As a rule of thumb, poor performance due to burned-out employees amounts to a cost of about 34% of their individual salary.
Are You Digging Your Own Grave By Admitting That You’re Burning Out?
Let’s be honest—everybody has their doubts when it comes to admitting emotional and mental states of well-being to their manager. What if your manager judges you for being too sensitive? What if they perceive you as complaining and unmotivated?
Worst case scenario—what if you’re fired?
Let’s put the brakes on that train of thought and gain some perspective.
You walk to your manager and tell them, “Hey, I’ve been exhausted from work lately and I believe I’m burning out.”
If you work in a healthy environment, chances are, your manager won’t blow up. You won’t be ignored or fired. And it’s not just because you have a kind manager.
It’s simply more economical to help a burned-out employee get back on track than to look for replacements. In fact, the cost of firing an employee can be anywhere between 30% to a staggering 400% of their annual salary.
The more economical option is to guide the employee out of their burnout using the right methods, which we’ll talk about later in this blog.
Most of the time, the underlying cause of burnout is unattainable goals and unrealistic expectations. Slow hiring leading to more work for existing employees is an additional cause. When these obstacles are removed, burnout becomes easier to handle and dissipate.
“In a demanding profession like sales, there’s a limit to which salespeople can be stretched thin after which the rubber band breaks. Once, one of my reps told me he was actually scared to open his laptop at his previous organization because he knew he would always be welcomed by some bullsh*t from his manager on Slack.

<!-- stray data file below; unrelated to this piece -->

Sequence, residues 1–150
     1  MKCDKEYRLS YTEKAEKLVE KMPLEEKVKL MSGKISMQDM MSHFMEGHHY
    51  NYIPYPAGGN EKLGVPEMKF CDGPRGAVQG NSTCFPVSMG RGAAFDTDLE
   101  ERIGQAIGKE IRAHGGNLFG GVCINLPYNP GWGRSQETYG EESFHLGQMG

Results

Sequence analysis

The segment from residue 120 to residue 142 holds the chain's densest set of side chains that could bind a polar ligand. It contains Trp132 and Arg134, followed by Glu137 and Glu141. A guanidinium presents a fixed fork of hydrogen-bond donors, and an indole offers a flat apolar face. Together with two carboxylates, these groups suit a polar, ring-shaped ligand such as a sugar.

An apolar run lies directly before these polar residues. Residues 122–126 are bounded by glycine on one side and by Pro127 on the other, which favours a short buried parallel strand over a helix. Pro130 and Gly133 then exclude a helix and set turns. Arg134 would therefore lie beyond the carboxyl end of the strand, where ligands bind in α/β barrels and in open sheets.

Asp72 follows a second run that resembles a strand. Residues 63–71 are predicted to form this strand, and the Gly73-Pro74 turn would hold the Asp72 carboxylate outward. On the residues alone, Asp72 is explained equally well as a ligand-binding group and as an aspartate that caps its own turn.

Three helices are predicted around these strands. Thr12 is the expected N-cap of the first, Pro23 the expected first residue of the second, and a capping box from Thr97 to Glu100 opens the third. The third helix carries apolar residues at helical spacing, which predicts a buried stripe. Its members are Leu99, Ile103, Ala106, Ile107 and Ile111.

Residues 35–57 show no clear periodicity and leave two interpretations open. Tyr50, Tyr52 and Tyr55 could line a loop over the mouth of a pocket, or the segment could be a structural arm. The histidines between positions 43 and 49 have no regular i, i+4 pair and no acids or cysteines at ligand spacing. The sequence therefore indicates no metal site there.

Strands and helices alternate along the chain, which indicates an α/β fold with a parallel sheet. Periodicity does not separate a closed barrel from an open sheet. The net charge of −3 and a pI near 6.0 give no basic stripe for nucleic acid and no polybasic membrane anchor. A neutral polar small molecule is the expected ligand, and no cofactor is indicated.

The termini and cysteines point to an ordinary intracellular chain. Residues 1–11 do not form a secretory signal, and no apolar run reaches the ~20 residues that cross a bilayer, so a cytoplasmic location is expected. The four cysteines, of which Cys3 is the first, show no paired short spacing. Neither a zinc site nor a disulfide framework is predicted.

Whenever a team member reported a burnout to me, I made sure that they took a break or a vacation to cool off.”– Anupreet Singh
Chances are, You’re Totally Unaware That You’re Burning Out
What most people misunderstand about burnout is that it needn’t necessarily occur only when you’re at your lowest. As employees, we tend to fear the impact that burnout can have on our career, and hence, our subconscious tries its best to suppress it.
That’s why sales burnout may not be as evident on the outside, despite all the mayhem it creates inside.
A majority of salespeople experiencing burnout report so during their weaker months when they aren’t able to reach their targets. It seems like a pretty valid excuse to blame the low performance on. However, you could be severely burned out even during your best months, when you’re repeatedly hitting and exceeding your quotas.